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Sandy Banks

When Parents' Love Can't Save Kids

January 20, 2002|Sandy Banks

The first time Sossi Demirdjian sat with her son in court, the infant Michael was in her arms and she was beaming as a judge pronounced her and husband, Gary, the legal parents of their adopted child.

Sixteen years later, they were back in court with Michael last week. But this time, he was seated next to his lawyer, wearing a red jumpsuit from county jail. And his mother was sobbing into a napkin, as her only child was declared "vicious and evil," a murderer sentenced to life in prison for beating to death two of his friends.

How, I wondered, do you get from there to here? What happens in the lives of suburban kids of privilege to lead to such heartbreaking ends?

The answers, it seems, are as complicated as the messy, confusing world that we are raising our children in.

It is the kind of story--full of violence and grief and pain--that makes parents shudder as they watch their own teenagers treading the stormy waters of adolescence today. Two La Crescenta boys--Chris McCulloch, 13, and Blaine Talmo Jr., 14--out of school for the summer and running the streets. Skateboarding, crashing at the homes of friends, shooting hoops ... "good kids," their friends called them, having a good time, albeit with a tad too much freedom and too little sense of their own vulnerability.

Their bodies were discovered one weekend in July 2000 on a school playground in their neighborhood. They had been beaten to death with a rock and a concrete bench, in what police would later call a dispute over a marijuana deal gone bad. Police arrested their former schoolmate, Michael Demirdjian, then just 15 years old. After two trials--the first produced a hung jury--he was convicted of both murders last fall and sentenced to two life terms, without chance of parole.

The saga was troubling on several fronts. How could the dead boys, just out of middle school, have had so little supervision that they could be away from home for days without their parents' knowing where they were? How could a shy, quiet kid with devoted parents commit such a brutal crime? How could a peaceful, upscale suburb, known for the quality of its schools and its close-knit neighborhoods, be the setting for such violence?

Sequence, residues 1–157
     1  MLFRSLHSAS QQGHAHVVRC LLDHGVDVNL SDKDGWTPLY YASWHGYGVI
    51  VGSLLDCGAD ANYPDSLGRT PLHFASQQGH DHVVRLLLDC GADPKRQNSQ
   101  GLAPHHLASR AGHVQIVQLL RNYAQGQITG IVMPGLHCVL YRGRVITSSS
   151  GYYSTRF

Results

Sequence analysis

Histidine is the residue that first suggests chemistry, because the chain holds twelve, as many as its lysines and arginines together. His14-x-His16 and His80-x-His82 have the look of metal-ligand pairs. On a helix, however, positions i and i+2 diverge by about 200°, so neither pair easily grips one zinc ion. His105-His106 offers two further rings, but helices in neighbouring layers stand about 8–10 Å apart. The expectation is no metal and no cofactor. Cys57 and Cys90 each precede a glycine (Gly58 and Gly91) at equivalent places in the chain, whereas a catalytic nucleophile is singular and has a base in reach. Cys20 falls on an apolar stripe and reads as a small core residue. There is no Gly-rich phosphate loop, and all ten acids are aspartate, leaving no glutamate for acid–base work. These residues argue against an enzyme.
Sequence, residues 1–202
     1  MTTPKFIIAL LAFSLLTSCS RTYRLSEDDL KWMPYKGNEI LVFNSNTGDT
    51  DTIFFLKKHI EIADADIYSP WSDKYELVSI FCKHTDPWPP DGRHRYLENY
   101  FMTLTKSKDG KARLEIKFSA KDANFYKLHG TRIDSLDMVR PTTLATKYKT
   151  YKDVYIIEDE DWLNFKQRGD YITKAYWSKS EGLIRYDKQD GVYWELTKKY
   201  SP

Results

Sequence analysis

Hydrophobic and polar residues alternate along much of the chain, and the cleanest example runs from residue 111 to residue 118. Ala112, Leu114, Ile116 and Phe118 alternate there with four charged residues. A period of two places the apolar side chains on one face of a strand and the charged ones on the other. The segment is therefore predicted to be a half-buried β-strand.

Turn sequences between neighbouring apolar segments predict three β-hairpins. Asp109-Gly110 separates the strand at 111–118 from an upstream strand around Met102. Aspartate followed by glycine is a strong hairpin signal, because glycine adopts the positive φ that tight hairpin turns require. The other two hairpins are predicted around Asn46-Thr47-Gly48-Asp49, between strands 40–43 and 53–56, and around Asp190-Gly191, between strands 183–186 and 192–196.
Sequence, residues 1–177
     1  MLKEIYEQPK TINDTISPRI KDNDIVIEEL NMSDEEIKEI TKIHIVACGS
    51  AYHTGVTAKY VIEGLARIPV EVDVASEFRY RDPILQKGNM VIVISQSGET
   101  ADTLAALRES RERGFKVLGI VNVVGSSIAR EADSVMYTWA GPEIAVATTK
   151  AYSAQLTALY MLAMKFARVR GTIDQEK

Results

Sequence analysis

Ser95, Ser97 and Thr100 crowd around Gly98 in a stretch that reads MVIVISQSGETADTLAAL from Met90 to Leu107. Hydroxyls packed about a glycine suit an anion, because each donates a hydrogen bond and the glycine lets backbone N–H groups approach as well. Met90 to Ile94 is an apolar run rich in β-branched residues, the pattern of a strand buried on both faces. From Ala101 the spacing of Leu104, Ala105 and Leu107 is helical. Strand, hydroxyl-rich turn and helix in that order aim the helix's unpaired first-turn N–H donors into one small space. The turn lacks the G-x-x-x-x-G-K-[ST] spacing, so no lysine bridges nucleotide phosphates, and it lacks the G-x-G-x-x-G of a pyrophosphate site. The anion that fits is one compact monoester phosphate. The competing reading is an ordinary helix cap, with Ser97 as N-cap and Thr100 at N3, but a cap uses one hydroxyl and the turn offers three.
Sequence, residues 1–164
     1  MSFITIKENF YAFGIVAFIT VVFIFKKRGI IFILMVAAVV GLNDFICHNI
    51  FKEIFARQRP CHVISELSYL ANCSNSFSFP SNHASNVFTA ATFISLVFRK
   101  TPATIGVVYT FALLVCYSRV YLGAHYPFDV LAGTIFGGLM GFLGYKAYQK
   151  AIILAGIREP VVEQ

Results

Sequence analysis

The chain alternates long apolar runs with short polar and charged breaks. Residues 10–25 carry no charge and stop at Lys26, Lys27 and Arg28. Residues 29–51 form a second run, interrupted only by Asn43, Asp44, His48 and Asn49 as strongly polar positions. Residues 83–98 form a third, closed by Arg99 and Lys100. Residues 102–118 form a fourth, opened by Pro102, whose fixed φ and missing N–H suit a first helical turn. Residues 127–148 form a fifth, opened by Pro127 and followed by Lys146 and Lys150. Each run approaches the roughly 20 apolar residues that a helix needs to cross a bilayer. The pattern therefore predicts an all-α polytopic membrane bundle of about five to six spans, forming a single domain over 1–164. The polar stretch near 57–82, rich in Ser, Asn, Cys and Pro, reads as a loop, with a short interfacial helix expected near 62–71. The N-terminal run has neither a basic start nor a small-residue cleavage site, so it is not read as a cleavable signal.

It is simple to blame drugs; marijuana is indeed often the tie that binds kids to tragedy. It is tempting to blame naive or neglectful parents, who leave kids to fend for themselves too much. And it is easy to see that a toxic culture--one that glamorizes drugs, violence and thuggery--is helping to shape our children's perceptions and their fate.

Maybe we should also blame our illusions ... the notion that we know our kids, that we really understand their issues. The fantasy that they are coming up in a world as predictable as the one that we recall, and that we can set its boundaries with the right combination of freedom and control.

But little about child-rearing is ever as clear as we would like it to be. Everyone knows of kids who, despite caring families, inexplicably veered off track; and of children who grew up in dysfunctional homes and still managed to find success. Even "good" kids can do stupid, terrible things, wind up behind bars or dead, leave their parents wondering, did I do too much or not enough?

"I used to stand outside his room," Sossi Demirdjian told me after the sentencing, "and listen through his bedroom door" when her son Michael got late-night phone calls. She made sure he was in his room at night, but found out later, after his arrest, that he sometimes sneaked out through his window.

"My son, he made some mistakes," she said. "But he was a good kid. And I make mistakes too."

The families of the dead boys must have questions that will go eternally unanswered as well. At the funeral of her son, Chris, Aileen Bristow told of her frustration trying to corral her wayward child. "It was like he was in a hurry," she said. He'd be gone with his friends for days, coming home only long enough to get a few hours' sleep and change his clothes.

"Some of you are probably asking 'Why didn't you stop him?' God knows I tried."

If there's a formula for raising good kids, Sossi Demirdjian thought she was following it. There was "Mommy and Me" when Mike was a baby. Private school until junior high. Soccer and hockey and basketball, with his parents there to watch him play. Help with homework, family vacations, visits to Disneyland with friends.

"Always, we were with him," she says. "Maybe we didn't always understand, but we always gave him love."

Now her son--who, even as a teenager, was too shy to sleep at the home of a friend--will spend every night for the rest of his life locked away in a prison cell. And Michael's mother and father--who have never gotten so much as a traffic ticket--will be forever known as the parents of a murderer and never see their son again outside of a prison visiting room.

But they are better off than the parents of Chris and Blaine, who tried just as hard--and failed just as painfully--to usher their sons safely through adolescence. They can only visit their children's graves.


Sandy Banks' column is published Sundays and Tuesdays. Her e-mail address is

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